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Quark Stars. Kyle Dolan Astronomy 4001 10 December 2007. NASA/Dane Berry. Outline. Introduction to Quark Stars (QS) Significance of QS Characteristics of QS Possible examples of QS Controversy over the existence of QS Possible future observations. Overview of Neutron Stars.

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Quark Stars

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Quark stars

Quark Stars

Kyle Dolan

Astronomy 4001

10 December 2007

NASA/Dane Berry



  • Introduction to Quark Stars (QS)

  • Significance of QS

  • Characteristics of QS

  • Possible examples of QS

  • Controversy over the existence of QS

  • Possible future observations

Overview of neutron stars

Overview of Neutron Stars

  • Core of a massive star that remains after a supernova explosion

  • Average Density: ~1014 g/cm3

  • Rotational frequency may range up to 1122 Hz (XTE J1739-285)

  • Magnetic field strength can be ~108-1014 times that of Earth

  • Exotic Physics!


Quark stars qs

Quark Stars (QS)

  • Stellar core composed of free quarks (strange matter)

  • Would form through neutron deconfinement

  • Neutron Star (NS) collapses inward after spinning down, losing centrifugal force

  • Strange matter would be “softer”, more compressible than neutrons

  • Smaller, denser than a NS

  • NS massing from 1.5-1.8MSun are likely candidates


Significance of quark stars


Significance of Quark Stars

  • Opportunity to study strange matter in nature, and its unique behavior

  • Quark novae may explain gamma ray bursts.

Quark star characteristics

Quark Star Characteristics

  • Smaller Size, indicating densities significantly greater than an atomic nucleus

  • High Rotational Frequency

    • Conservation of angular momentum allows more compact star to spin faster

  • Faster Cooling

    • Higher-density matter allows production of more cooling particles (neutrinos) to carry energy away

Rxj1856 5 3754 possible qs

RXJ1856.5-3754: Possible QS

  • Discovered in 1996

  • Diameter of ≤10km.

  • Data suggests that the star is too small to be made of normal neutrons, and could be made of strange matter.


Xte j1739 285 record setting pulsar

XTE J1739-285: Record-Setting Pulsar

  • Previously known as a normal neutron star, accreting matter from a companion star

  • Brightness variations of frequency 1122 Hz observed

  • Previous record for rotational frequency was ~700Hz

  • High frequency indicates a more compact star, possibly made of strange matter

  • May contradict theories of gravitational waves braking rotational speeds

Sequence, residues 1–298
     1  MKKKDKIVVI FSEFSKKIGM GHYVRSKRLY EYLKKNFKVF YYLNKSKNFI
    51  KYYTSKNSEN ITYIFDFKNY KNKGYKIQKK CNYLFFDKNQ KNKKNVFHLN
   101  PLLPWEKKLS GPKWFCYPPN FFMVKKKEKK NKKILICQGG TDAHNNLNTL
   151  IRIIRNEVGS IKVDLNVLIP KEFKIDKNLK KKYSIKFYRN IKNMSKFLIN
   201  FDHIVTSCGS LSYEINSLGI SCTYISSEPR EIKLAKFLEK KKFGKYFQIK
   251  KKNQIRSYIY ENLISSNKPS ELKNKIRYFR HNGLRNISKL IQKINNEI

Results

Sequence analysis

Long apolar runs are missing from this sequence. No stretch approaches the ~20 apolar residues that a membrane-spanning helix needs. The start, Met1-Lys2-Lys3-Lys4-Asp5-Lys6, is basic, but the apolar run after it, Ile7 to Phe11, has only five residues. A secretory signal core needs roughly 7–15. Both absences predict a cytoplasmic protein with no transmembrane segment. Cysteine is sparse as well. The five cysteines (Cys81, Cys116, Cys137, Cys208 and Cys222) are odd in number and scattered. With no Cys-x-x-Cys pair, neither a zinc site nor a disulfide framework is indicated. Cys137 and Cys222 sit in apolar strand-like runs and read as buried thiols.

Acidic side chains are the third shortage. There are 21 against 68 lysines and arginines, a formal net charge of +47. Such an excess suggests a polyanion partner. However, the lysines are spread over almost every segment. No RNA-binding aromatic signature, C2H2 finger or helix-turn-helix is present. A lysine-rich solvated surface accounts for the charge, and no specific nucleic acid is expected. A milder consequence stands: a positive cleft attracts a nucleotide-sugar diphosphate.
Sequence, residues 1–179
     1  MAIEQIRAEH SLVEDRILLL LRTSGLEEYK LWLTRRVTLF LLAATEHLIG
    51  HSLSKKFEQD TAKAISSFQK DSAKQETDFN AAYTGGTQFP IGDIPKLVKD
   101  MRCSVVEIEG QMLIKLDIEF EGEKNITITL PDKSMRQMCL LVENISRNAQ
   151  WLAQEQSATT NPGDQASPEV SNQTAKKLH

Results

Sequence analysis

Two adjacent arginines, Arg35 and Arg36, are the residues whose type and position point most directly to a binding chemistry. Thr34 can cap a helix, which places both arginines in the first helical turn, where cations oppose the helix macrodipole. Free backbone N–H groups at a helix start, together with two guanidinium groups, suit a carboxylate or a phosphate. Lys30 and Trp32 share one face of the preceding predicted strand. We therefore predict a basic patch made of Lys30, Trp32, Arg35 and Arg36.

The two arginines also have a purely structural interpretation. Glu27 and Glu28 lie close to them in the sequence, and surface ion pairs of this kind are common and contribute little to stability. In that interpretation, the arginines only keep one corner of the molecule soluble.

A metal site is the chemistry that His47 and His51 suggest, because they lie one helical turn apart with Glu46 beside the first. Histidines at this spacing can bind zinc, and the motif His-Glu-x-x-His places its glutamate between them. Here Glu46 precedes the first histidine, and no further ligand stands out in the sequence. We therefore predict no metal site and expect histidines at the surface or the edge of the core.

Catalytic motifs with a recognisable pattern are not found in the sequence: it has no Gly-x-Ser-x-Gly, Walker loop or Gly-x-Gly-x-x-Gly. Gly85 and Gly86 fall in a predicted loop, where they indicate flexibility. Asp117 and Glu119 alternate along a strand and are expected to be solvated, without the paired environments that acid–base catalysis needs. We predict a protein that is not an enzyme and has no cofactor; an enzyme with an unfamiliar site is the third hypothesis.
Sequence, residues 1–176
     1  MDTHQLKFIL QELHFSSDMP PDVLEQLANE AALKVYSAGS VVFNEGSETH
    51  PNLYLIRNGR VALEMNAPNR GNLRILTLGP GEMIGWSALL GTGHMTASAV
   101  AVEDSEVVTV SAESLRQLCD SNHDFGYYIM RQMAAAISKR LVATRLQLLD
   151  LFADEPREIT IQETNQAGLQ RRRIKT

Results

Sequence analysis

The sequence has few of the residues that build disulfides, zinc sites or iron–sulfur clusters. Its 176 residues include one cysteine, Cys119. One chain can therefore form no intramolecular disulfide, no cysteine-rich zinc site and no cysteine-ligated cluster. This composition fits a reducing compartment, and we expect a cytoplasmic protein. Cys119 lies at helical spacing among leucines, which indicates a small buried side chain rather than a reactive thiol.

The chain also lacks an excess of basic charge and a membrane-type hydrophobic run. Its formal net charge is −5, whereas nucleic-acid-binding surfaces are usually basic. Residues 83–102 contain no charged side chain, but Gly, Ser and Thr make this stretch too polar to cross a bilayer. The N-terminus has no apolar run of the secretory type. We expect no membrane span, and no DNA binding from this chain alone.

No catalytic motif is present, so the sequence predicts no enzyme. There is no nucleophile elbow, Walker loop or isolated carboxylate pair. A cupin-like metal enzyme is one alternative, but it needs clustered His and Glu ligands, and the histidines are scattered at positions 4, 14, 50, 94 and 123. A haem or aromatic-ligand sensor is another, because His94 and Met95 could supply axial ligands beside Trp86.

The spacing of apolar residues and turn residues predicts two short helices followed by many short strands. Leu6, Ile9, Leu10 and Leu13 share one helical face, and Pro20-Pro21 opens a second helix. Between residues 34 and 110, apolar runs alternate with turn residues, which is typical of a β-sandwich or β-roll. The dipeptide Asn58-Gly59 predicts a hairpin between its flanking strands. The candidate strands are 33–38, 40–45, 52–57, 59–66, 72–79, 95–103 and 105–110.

NASA/Dana Berry

3c58 possible quark nova remnant

3C58 – Possible Quark Nova Remnant

  • Pulsar, possibly the remnant core of SN 1181

  • First observed by Chinese and Japanese Astronomers

  • Remnant cools by internal collisions that release neutrinos to carry away thermal energy

  • Cooling rate is too fast for matter made only of neutrons

  • 3C58 would have to be ~5 times as dense as a normal neutron star for this cooling rate to make sense

Chandra X-Ray Observatory

Sn 2006gy possible quark nova


SN 2006gy: Possible Quark Nova

  • First Observed: 18 September 2006

  • 100 times brighter than typical Type II novae

  • Neutron deconfinement would blow the outer layers of the NS away at near light speed, to collide with the original supernova debris.

  • Observation of elements with A>130 in the debris could confirm 2006gy as a quark nova



  • Possible contradiction of the QS theory:

    • EXO 0748-676, neutron star with possible mass ~2.1MSun, indicates too much rigidity for strange matter

    • Strange matter is too compressible not to collapse in a mass this large

    • Mass could be as low as 1.8 MSun, however, which would still fit QS models

  • More observations of XTE are needed to confirm its frequency

  • 3C58 may be older than the SN 1181 remnant, due to the lack of variation in its radio emissions



  • Quark Stars still theoretical, but evidence continues to accumulate to support them

  • Quark Stars would offer unique opportunities to study exotic matter

  • Helpful Observations for the Future:

    • Search for exotic elements in nova remnants

    • Precise determinations of NS radii and rotational frequency

    • Close observations of new Supernovae/Quark Novae



“3C58: Pulsar Gives Insight on Ultra Dense Matter and Magnetic Fields.” chandra.harvard.edu. 30 August 2006.


Blaschke, D.B. et al. “Color superconducting quark matter in compact stars.”. arXiv:0712.0117v1. 2 December 2007

Drake, J. J. et al. “Is RX J185635-375 a Quark Star?” arXiv:astro-ph/0204159v1 9 Apr 2002.

“Quark Stars Could Produce Biggest Bang .” spacedaily.com. 7 June, 2006. http://www.spacedaily.com/reports/Quark_Stars_Could_Produce_Biggest_Bang.html

Shiga, David. “Fastest spinning star may have exotic heart.” newscientist.com. 20 February 2007.


Shiga, David. “Massive neutron star rules out exotic matter.” newscientist.com. 28 June 2006.


Shiga, David. “Was the brightest supernova the birth of a quark star?” newscientist.com. August 2007.


“The leader of the celestial ‘Magnificent Seven.’” scientificblogging.com. 9 March 2007. http://www.scientificblogging.com/news/the_leader_of_the_celestial_magnificent_seven

Xia et al. “Thermal Evolution of Strange Stars.” arXiv:0709.0214v1. 3 September 2007.

Zhang, C.M. et al. “Does Sub-millisecond Pulsar XTE J1739-285 Contain a Low Magnetic Neutron Star or Quark Star?” arXiv:0708.3566v2. 11 September 2007.

Wilford, John Noble. “Stars Suggest a Quark Twist And a New Kind of Matter.” nytimes.com. 11 April, 2002.


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